Today’s review covers a book I am very excited to share: The Means That Make Us Strangers by Christine Kindberg! This is an excellent book, and I can’t wait to see others reading it so I can talk about it more in-depth. For now, here’s my review.
Author: Christine Kindberg
Genre: YA recent historical fiction (1960s)
Goodreads Blurb: Home is where your people are. But who are your people?
Adelaide has lived her whole life in rural Ethiopia as the white American daughter of an anthropologist. Then her family moves to South Carolina, in 1964. Adelaide vows to find her way back to Ethiopia, marry Maicaah, and become part of the village for real. But until she turns eighteen, Adelaide must adjust to this strange, white place that everyone tells her is home. Then Adelaide becomes friends with the five African-American students who sued for admission into the white high school. Even as she navigates her family’s expectations and her mother’s depression, Adelaide starts to enjoy her new friendships, the chance to learn new things, and the time she spends with a blond football player. Life in Greenville becomes interesting, and home becomes a much more complex equation.
Adelaide must finally choose where she belongs: the Ethiopian village where she grew up, to which she promised to return? Or this place where she’s become part of something bigger than herself?
The Means That Make Us Strangers is a straightforward story about a girl searching for her place in the world and fighting against racism, especially complacent racism. This book is entertaining and engaging, addressing serious issues without getting bogged down in complicated philosophical arguments. Kindberg speaks through her teenage protagonist to show how simply wrong racism is. In addition to the concept and portrayal, the writing style is also simple, which should appeal to younger YA readers. This makes the topic extremely accessible and the themes obvious.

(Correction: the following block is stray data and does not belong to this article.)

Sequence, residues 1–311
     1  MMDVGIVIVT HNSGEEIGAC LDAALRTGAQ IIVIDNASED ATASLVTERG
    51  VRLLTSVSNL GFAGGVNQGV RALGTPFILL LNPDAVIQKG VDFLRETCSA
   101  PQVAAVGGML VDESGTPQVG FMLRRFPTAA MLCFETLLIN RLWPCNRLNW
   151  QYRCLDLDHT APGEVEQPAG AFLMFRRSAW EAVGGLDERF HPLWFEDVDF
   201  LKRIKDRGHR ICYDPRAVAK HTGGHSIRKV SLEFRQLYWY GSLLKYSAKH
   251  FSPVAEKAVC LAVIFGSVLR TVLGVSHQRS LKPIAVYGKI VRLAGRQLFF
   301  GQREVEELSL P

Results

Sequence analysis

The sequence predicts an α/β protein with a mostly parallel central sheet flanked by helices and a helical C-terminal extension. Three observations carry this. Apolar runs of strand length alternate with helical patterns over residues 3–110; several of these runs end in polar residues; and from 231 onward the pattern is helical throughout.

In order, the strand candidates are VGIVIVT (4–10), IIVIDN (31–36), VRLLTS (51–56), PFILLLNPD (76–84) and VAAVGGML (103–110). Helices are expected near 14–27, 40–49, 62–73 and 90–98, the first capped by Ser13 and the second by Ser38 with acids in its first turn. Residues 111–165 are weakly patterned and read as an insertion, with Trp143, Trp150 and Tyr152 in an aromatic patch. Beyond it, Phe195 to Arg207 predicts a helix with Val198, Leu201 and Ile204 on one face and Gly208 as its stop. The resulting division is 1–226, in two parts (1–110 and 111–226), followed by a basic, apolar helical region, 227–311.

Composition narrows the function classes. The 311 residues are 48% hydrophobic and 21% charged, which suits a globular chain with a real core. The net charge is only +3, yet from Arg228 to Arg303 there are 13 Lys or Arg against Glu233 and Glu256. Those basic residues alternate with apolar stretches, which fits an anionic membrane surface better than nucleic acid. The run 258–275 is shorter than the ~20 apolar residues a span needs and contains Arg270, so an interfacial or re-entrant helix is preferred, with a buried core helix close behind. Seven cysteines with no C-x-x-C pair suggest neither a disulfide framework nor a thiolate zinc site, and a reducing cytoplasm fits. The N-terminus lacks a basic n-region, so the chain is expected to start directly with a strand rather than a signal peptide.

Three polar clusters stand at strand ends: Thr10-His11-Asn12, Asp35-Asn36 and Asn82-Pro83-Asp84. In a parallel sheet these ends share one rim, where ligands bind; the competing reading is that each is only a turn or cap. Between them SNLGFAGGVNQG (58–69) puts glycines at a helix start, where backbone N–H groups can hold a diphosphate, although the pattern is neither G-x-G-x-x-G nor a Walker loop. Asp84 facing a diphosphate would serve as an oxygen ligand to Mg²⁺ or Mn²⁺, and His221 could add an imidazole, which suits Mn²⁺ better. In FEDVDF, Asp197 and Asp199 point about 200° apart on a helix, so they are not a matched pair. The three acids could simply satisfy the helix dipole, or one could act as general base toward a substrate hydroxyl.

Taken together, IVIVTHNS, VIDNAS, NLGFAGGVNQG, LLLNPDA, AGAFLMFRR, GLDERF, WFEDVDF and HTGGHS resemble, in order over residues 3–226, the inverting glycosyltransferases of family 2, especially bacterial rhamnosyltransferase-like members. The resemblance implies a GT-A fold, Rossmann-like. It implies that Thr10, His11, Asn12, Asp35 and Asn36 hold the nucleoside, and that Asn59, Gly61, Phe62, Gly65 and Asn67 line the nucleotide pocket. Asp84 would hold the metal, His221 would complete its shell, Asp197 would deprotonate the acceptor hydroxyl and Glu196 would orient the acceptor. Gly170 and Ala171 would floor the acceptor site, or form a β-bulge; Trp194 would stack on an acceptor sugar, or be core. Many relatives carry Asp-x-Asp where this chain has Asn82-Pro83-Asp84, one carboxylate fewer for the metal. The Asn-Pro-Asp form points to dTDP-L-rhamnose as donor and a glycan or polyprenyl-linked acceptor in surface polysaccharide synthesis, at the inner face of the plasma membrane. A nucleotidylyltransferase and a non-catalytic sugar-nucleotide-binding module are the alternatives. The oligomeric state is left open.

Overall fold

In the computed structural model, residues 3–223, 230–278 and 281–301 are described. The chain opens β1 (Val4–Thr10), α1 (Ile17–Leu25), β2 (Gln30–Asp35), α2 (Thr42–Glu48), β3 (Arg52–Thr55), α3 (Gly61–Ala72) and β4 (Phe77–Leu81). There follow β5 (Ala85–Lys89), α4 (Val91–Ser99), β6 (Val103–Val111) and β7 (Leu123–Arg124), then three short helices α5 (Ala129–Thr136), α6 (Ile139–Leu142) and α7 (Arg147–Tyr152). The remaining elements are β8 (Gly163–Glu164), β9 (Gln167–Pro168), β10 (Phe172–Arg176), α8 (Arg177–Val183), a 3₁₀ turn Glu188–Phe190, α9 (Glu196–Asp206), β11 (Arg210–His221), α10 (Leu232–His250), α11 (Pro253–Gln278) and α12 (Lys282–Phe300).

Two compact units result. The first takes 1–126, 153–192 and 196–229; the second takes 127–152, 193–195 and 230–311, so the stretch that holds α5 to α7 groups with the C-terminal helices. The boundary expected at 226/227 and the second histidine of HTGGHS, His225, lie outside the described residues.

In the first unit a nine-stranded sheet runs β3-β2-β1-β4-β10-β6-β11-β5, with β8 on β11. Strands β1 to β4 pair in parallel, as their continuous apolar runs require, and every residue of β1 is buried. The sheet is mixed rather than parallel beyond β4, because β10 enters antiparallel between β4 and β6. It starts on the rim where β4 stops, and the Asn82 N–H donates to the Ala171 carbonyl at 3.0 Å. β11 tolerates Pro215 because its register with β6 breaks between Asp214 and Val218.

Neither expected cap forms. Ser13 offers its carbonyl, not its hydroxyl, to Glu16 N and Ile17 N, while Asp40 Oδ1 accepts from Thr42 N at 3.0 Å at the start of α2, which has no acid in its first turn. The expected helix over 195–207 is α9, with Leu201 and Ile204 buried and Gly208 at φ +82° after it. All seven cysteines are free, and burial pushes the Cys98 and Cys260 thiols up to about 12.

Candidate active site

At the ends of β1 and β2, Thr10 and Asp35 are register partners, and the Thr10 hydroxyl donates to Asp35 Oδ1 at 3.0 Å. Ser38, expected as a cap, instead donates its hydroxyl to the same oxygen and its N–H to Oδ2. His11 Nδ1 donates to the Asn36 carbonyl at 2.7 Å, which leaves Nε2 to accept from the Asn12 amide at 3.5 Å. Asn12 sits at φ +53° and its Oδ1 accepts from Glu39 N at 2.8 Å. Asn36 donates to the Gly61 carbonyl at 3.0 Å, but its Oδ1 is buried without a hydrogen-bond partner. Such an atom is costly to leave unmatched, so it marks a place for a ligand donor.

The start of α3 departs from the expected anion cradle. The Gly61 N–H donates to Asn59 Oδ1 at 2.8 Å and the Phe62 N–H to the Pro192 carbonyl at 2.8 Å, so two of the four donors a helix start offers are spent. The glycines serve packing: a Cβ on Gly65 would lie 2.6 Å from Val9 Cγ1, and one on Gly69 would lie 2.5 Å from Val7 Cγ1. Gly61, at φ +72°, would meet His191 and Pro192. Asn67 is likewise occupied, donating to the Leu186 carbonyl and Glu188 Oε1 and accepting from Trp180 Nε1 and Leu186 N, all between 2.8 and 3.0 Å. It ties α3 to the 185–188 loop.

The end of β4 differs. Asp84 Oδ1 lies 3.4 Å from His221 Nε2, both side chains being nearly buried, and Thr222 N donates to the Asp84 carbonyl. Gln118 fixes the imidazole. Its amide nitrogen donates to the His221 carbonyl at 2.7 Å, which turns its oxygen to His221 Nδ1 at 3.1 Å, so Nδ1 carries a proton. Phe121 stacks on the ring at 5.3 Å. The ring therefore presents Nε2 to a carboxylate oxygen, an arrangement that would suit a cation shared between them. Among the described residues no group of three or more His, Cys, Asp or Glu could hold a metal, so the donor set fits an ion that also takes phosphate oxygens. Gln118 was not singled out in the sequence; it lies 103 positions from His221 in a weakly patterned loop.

Despite the fact that the message of the book is so straightforward, the way Kindberg gets there is highly unusual. We start out in Ethiopia, travel with the protagonist and her family to North Carolina, and eventually end up back in Ethiopia with the knowledge that there are more adventures in store. Adelaide is a wonderful protagonist; her mistakes are realistic, her emotions relatable, and none of her decisions or reactions are unreasonably dramatic. She loves her family but struggles to understand them. When she is transplanted from the culture she knows to one which is supposed to be “home” because of her family’s heritage, she balks, eventually working towards a way of life combining both cultures. Her journey is interesting, and while it is definitely YA, I believe it will appeal to fans of any recent historical fiction, not just YA. I also really liked how understated the romance is. Yes, in a way there is a love triangle, but it is so subtle and only introduced in ways that actually contribute significantly to the story. I really appreciate this.
This is a very good book. I ought to have more to say about it, but the simplicity of the book speaks for itself. It is easy to read, deals with an important issue, and has a strong anti-racist message and supporting theme of comforting those who are still looking for their place in the world.
Do you have a favorite book which deals with a heavy topic but is still fun to read? Let’s talk about it in the comments!
Until the next chapter,
Disclaimer: I received a complimentary copy of this ebook from the author. All opinions expressed are true and solely my own.